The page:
In an era of cash-in records that stretched all the way from The Flower Pot Men to Alf Herbert & His Marijuana Brass, a handful of British psychedelic pop 45s transcended their original intention of being tongue-in-cheek send-ups of the ‘flower power’ movement to masquerade as genuine cultural epiphanies.
Derek Shulman began the band in 1965 – originally as The Howling Wolves – with his brothers Phil and Ray. Their other brother, Terry, was their road manager.
Joined by Eric Hine, Tony Ransley and Pete O’Flaherty, Simon Dupree and The Big Sound scored a trio of minor hit singles, before asking their management in 1967 to come up with a song that would finally provide them with a genuine chart breakthrough.
Manager John King went to Robin Music and came back with Kites. The band hated the song, recorded it under duress in two-and-a-half hours and went off to tour Sweden.
Written by the old-school team of Lee Pockriss (who also wrote Catch A Falling Star and Itsy Bitsy Teeny Weeny Yellow Polka Dot Bikini) and Broadway lyricist Hal Hackady, Kites was transformed by the group from a traditional romantic pop ballad (albeit one with an unusually florid lyric) to a kitsch but spellbinding slice of British flower-power, replete with gongs, woodblocks, finger cymbals, Mellotron and swirling wind effects.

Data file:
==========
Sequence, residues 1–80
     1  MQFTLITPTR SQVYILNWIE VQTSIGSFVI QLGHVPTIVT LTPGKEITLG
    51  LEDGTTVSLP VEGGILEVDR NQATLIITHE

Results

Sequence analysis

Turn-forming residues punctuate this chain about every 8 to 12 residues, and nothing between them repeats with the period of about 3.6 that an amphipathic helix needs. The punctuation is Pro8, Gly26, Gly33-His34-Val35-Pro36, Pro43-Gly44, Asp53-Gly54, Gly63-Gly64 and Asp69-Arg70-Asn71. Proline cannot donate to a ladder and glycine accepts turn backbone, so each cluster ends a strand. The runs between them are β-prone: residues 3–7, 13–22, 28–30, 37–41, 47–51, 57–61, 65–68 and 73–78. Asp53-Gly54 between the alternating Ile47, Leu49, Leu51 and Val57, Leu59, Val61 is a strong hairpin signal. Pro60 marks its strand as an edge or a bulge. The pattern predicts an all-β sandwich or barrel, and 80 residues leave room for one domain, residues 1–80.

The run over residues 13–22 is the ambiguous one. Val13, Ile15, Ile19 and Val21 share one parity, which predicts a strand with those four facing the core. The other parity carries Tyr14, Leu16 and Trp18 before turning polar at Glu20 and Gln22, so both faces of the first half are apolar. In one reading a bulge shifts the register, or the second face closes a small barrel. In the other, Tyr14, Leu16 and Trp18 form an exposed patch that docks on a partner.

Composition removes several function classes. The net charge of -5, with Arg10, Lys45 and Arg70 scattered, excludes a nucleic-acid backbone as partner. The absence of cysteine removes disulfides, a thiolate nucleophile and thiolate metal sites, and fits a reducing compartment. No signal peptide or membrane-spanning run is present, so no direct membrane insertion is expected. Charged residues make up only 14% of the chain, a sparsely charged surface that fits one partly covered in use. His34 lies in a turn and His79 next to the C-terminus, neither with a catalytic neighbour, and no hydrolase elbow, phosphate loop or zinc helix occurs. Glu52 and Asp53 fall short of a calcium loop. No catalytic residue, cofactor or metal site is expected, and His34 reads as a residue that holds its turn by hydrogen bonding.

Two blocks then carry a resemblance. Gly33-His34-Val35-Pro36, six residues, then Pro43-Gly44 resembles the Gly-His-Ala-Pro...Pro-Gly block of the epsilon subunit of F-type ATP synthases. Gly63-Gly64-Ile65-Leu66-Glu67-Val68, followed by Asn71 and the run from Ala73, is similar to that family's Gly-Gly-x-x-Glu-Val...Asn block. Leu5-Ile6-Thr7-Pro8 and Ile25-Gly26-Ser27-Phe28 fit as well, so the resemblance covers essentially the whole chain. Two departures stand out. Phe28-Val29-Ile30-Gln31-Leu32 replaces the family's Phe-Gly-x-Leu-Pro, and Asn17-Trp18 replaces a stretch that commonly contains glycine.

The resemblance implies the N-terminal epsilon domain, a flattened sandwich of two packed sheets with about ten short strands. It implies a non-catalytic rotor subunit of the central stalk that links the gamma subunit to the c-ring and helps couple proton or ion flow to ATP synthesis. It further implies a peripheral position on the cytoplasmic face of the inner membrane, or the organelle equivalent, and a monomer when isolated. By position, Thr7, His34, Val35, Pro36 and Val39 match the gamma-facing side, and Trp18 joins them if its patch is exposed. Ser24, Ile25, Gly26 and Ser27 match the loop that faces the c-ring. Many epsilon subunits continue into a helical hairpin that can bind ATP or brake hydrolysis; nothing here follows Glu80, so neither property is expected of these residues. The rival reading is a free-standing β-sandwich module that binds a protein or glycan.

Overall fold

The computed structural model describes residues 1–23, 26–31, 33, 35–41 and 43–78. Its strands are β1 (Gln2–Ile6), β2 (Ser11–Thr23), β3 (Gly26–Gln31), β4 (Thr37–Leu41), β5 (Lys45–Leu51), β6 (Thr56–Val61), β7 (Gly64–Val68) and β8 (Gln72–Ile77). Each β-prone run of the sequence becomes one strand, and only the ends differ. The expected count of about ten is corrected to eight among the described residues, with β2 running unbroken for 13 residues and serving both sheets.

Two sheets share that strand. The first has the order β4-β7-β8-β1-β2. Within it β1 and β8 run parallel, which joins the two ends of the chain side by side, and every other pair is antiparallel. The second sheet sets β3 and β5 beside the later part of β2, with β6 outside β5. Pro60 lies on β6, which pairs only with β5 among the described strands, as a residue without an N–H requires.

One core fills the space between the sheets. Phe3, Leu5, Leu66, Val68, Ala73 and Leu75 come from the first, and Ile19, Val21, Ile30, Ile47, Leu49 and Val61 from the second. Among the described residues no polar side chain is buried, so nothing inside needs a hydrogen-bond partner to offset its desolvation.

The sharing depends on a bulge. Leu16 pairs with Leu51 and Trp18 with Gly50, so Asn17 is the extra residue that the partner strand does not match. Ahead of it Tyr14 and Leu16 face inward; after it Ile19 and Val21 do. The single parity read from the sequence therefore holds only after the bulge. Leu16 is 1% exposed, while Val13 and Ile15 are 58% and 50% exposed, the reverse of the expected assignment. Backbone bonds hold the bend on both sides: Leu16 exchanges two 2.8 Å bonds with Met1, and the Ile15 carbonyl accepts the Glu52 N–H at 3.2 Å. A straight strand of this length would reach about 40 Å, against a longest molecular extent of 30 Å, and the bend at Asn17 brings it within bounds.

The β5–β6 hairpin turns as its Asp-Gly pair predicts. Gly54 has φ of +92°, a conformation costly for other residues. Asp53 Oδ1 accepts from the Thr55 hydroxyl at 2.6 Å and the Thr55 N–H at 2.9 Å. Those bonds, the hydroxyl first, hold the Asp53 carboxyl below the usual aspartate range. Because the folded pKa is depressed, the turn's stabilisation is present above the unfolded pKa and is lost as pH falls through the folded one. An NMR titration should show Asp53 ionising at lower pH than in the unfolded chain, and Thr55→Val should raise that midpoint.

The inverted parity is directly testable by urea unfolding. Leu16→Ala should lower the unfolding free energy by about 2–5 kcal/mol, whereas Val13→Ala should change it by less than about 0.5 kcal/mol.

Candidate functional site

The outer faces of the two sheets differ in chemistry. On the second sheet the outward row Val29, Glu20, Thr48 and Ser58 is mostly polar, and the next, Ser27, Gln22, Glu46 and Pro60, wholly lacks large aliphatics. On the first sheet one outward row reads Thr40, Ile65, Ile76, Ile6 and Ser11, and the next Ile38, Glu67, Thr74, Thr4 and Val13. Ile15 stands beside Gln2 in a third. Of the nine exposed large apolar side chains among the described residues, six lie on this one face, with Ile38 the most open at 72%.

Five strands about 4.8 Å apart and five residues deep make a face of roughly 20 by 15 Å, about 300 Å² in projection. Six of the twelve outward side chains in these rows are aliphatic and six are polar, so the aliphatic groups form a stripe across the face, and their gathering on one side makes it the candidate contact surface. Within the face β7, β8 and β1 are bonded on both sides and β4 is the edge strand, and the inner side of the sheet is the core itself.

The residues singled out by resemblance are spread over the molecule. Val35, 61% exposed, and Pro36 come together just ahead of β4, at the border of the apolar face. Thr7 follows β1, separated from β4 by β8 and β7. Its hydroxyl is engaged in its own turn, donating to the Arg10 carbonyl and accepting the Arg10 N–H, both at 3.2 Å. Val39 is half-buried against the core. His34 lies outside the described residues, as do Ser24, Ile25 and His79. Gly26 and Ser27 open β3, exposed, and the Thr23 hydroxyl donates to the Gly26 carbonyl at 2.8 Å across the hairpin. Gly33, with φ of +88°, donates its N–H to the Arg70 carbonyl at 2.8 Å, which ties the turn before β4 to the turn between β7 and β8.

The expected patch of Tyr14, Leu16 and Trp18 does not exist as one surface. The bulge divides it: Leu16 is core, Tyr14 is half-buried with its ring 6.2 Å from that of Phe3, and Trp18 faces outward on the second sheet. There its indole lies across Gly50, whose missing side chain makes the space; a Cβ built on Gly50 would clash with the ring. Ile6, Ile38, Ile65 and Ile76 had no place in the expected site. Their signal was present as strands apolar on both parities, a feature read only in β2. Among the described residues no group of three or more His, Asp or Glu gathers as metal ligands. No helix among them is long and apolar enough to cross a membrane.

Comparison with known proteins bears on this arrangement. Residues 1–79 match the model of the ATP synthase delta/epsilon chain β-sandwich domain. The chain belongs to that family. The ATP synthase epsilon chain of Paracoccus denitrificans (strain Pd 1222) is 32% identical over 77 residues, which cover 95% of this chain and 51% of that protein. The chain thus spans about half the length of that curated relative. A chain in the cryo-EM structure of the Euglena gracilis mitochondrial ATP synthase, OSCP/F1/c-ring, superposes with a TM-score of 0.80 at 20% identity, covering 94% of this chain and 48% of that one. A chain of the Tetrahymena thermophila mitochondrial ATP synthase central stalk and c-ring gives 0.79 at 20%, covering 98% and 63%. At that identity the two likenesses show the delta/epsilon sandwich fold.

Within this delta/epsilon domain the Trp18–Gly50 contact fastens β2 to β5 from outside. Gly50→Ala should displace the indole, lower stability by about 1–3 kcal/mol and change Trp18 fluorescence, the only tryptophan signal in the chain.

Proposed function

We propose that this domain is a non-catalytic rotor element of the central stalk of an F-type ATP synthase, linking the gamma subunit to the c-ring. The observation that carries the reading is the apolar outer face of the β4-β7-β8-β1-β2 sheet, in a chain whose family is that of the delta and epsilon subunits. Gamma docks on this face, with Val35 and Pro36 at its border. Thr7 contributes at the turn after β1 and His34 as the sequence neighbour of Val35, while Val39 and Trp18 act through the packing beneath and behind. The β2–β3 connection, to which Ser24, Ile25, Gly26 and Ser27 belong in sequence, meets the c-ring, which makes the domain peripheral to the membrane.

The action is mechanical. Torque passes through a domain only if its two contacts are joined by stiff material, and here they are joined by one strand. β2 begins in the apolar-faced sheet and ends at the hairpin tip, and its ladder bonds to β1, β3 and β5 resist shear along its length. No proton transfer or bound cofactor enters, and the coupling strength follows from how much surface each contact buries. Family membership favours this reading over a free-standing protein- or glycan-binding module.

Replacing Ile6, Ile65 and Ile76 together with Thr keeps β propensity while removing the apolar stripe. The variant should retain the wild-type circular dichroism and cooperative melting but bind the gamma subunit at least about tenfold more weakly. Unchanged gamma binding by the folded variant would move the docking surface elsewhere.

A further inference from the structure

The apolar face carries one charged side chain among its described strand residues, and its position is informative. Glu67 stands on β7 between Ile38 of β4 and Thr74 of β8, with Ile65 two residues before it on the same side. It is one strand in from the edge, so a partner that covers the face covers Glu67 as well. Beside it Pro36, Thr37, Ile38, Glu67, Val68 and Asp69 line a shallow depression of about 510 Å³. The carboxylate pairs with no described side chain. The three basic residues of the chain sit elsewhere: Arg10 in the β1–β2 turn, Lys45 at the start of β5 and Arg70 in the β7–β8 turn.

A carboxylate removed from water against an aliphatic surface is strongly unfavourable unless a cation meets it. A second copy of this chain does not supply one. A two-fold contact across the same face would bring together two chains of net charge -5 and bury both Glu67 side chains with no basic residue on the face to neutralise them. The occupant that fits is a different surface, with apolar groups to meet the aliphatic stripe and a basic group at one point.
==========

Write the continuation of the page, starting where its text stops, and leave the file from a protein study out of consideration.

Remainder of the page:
Derek Shulman’s sonorous lead vocal was counterbalanced beautifully by actress Jacqui Chan’s evocative but incomprehensible spoken contribution.
The band quickly brought in a local Chinese restaurateur to write a few lines that Jacqui (who at the time had a degree of notoriety as Lord Snowdon’s mistress) then recited phonetically.
The result was a mini-masterpiece that reached the Top 10 over Christmas 1967.
Later records – including the superb For Whom The Bell Tolls – flopped and the cabaret circuit beckoned. The Shulman’s achieved something of a makeover when they formed progmeisters Gentle Giant in 1970.
Guitar, violin, trumpet, vocals
Vocals, saxophone, trumpet